5 of the weirdest Easter eggs we've seen on this year's shelves

Easter is one of our favourite times of the year, and for good reason, it's the only time it's socially acceptable to stuff your face with chocolate eggs.

Published 14th Apr 2017
Updated 14 th Apr 2017

For producers it can often be hard to stand out from Cadbury’s and Thorton’s on the supermarket shelf, yet some have found a way to go the extra mile and in spectacular fashion.

These are some of the Easter eggs that really stopped us in our tracks this year and left us feeling a little confused (and yes, extremely curious).

If Dr Moreau made Easter eggs we're sure even his would struggle to match some of these weird and wonderful offerings.

The Irn-Bru and Bacon Chilli Chocolate Easter Egg

(Available from: Chillilicious, Price: £10.95 )

Easter eggs
Picture: Chillilicious

We love Chillicious, as Scotland's only chilli farm we admire their ability to buck the trend by growing such an exotic crop in Scotland's erratic climate.

Not only that, they've made a roaring success of it, and that's led to some truly excellent, and often innovative, products.

This Easter egg is a shining example.

The kind of egg we’d expect to be conjured up in the fevered dreams of a terribly hungover Scot, it contains everything we need for a cure for the after effects of an Easter Eve blowout.

Bacon - check, Irn-Bru - check, chocolate - check, chilli - em, well actually now that you mention it, that might just work.

• READ MORE:  Glengoyne unveils the ultimate whisky-lover’s Easter egg

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The Buckfast Easter Egg

(Available from: D-Bees, in Lurgan, Co Armagh, Price: £9.99 )

Picture: SWNS

Like all Buckfast products, this Easter egg caused something of a stir when it was unveiled to the public on social media by an off-sales in Northern Ireland.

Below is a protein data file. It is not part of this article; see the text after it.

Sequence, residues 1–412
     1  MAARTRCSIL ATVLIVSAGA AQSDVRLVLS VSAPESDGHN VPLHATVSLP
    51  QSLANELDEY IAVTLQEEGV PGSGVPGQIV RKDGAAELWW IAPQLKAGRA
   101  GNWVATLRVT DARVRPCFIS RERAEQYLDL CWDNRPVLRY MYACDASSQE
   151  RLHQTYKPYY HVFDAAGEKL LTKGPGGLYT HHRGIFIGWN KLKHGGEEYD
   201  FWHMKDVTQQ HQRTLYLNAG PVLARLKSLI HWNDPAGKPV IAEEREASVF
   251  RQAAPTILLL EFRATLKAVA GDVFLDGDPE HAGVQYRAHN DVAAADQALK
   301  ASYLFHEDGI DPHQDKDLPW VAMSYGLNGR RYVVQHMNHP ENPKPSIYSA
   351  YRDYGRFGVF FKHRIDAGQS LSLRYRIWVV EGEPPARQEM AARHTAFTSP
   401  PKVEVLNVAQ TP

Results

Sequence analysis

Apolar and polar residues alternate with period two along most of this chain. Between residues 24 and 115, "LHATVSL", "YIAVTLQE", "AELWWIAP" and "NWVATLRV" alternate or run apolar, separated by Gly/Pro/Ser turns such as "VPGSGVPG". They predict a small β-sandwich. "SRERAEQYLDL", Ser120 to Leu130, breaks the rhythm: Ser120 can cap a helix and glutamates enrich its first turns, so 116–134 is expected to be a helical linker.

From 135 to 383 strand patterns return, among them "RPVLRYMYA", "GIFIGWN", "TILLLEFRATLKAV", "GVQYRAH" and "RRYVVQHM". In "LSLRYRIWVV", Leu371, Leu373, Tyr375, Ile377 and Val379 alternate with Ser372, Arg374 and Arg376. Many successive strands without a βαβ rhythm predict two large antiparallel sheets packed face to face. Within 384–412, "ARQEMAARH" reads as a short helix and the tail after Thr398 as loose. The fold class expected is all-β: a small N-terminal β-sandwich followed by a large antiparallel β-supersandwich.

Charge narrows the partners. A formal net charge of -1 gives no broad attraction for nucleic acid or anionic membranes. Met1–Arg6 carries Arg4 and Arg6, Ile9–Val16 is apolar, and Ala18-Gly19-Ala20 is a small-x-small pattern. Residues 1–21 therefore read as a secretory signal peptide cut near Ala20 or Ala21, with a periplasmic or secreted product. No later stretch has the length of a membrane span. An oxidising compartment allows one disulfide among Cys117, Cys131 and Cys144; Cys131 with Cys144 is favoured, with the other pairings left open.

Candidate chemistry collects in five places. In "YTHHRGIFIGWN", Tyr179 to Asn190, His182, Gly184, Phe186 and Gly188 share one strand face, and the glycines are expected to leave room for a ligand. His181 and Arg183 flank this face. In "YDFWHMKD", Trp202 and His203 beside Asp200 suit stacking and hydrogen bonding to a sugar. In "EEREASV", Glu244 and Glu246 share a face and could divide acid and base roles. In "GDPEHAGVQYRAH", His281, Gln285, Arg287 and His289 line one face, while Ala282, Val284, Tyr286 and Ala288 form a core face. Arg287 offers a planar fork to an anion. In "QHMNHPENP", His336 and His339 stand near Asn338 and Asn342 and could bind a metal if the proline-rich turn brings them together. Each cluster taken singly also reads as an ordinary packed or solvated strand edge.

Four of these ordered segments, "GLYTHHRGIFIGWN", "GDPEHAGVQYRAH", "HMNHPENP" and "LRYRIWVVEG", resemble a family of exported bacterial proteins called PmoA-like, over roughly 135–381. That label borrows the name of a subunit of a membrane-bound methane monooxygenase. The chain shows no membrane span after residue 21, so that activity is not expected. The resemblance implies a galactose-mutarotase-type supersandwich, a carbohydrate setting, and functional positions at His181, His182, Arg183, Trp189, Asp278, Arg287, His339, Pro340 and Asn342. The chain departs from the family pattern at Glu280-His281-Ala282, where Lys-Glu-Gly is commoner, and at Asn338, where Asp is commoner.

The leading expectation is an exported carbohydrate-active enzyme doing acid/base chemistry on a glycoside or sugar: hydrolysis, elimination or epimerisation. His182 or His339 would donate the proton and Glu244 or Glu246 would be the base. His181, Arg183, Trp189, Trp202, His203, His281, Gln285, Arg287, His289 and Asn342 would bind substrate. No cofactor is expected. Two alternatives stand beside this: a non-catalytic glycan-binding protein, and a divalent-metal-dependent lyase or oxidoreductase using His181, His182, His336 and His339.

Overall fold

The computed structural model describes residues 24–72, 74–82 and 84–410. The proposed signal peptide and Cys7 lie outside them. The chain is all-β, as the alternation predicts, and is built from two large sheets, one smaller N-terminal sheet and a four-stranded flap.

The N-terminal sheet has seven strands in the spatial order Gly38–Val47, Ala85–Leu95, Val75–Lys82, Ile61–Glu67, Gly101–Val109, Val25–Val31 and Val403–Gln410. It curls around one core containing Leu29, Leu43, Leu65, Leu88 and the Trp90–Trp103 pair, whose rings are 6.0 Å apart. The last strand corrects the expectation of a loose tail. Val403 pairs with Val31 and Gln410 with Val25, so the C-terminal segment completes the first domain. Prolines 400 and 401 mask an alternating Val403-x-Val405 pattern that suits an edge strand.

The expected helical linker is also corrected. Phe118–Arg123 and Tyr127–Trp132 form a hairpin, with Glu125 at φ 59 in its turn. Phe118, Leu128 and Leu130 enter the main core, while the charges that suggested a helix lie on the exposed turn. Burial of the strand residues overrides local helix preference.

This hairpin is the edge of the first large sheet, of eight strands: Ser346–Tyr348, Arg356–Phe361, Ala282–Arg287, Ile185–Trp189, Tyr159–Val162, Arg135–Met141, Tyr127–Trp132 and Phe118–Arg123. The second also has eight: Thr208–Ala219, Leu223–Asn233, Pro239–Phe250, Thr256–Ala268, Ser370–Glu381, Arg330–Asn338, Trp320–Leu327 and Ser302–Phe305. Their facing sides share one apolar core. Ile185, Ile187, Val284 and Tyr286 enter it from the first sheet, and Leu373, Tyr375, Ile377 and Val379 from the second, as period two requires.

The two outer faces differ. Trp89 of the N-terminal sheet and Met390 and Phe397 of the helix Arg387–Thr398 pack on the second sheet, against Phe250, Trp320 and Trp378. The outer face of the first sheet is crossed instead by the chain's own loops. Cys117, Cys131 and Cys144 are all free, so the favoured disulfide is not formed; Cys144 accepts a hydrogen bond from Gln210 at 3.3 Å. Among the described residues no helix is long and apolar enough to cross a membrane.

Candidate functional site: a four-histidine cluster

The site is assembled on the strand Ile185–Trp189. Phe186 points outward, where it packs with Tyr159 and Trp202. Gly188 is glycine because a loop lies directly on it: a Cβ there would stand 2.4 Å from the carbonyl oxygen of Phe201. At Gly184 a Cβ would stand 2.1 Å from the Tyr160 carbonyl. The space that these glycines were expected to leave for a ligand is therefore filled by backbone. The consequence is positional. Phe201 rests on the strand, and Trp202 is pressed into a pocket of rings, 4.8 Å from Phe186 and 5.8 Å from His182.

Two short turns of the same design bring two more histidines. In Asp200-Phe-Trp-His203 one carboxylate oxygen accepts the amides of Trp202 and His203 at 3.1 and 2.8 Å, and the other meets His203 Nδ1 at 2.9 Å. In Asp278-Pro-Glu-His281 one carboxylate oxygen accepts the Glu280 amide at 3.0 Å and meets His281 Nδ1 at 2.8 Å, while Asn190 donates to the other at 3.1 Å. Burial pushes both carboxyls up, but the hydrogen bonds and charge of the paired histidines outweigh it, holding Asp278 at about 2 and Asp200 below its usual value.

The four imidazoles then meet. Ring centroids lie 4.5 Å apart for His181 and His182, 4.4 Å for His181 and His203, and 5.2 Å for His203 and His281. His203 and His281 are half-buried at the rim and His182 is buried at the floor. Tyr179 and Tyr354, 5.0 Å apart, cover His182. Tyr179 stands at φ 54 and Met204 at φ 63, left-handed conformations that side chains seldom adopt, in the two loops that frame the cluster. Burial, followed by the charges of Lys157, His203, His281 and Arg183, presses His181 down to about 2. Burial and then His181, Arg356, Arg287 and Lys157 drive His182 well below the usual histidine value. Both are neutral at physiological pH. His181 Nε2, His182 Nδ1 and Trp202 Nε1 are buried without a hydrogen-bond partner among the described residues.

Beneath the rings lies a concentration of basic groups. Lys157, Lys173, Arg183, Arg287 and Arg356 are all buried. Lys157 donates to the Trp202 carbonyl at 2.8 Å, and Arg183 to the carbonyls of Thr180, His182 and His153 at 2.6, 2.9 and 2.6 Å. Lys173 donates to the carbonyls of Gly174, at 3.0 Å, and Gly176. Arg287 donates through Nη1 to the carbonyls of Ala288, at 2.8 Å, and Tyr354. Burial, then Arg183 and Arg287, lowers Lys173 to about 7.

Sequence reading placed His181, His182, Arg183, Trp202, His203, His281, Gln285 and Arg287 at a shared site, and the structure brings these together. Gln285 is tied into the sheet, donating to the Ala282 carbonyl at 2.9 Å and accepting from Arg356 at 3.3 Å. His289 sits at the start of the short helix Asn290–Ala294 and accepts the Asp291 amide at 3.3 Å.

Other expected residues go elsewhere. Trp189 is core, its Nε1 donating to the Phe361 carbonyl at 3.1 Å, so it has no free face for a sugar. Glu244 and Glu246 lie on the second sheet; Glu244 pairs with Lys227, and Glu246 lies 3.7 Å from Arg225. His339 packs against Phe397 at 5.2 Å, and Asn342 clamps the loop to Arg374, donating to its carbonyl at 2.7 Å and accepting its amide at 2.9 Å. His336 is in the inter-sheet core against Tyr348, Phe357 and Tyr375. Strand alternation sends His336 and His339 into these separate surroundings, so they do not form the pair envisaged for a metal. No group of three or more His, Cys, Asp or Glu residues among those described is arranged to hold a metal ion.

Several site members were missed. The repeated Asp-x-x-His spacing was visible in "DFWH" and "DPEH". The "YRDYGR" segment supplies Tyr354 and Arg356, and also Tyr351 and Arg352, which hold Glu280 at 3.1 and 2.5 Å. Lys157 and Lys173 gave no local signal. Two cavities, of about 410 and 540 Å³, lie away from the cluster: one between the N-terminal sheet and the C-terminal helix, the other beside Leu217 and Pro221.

Despite the usual outcry, there was massive support from fans of the drink. So much so, that D-Bees, the shop that created it in Lurgan, Co Armagh, took more than 2,000 orders within 24 hours of first advertising it..

Sadly, it doesn't look like the Easter bunny will be delivering too many of them to adults around the UK as not long after, Trading Standards were called by the company who bottle and distribute the wine made by the Benedictine monks, and all of the eggs were then destroyed.

The Marmite Easter Egg

(Available from: All good local supermarkets, Price: £4 )

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The old adage for Marmite - you either love it or hate it - doesn't seeem to apply here as the Marmite Easter egg has apparently been flying off of the shelves.

They've even taken the secondary market by storm with people flogging them on them for tow or three times the original price on eBay.

We aren't all that convinced that Marmite flavoured chocolate works but it seems many other people around the country are.

Pot Noodle 'Bombay Bad Boy' Chilli Chocolate Egg and Mug

(Available from: Amazon.co.uk, Asda , Price: £4)

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Two things that should never be mixed are pot noodles and chocolate but it seems that's exactly what's happened here and we aren't sure how to feel about it.

Luckily, it seems the producers have gone for chilli flavoured chocolate instead of you know, chicken and mushroom or beef and tomato, meaning that it is probably a lot tastier than it sounds.

The Cheaster Egg

(Available from: Iceland, Price: £3)

Not to be outdone in the unusual Easter Egg stakes, Iceland have gone completely the other way and introduced the Cheaster Egg (maybe Cheeseter would have been better) by Ford Farm, an egg shaped serving of Wensleydale Cheese with raspberry & white chocolate curls.

Call us weird but we actually think this might be the most enticing of the lot!

Driven by a passion for all things drinks-related, Sean writes for The Scotsman extensively on the subject. He can also sometimes be found behind the bar at the world famous Potstill bar in Glasgow where he continues to enhance his whisky knowledge built up over 10 years advising customers from all over the world on the wonders of our national drink. Recently, his first book was published. Dubbed Gin Galore, it explores Scotland's best gins and the stories behind those that make them.
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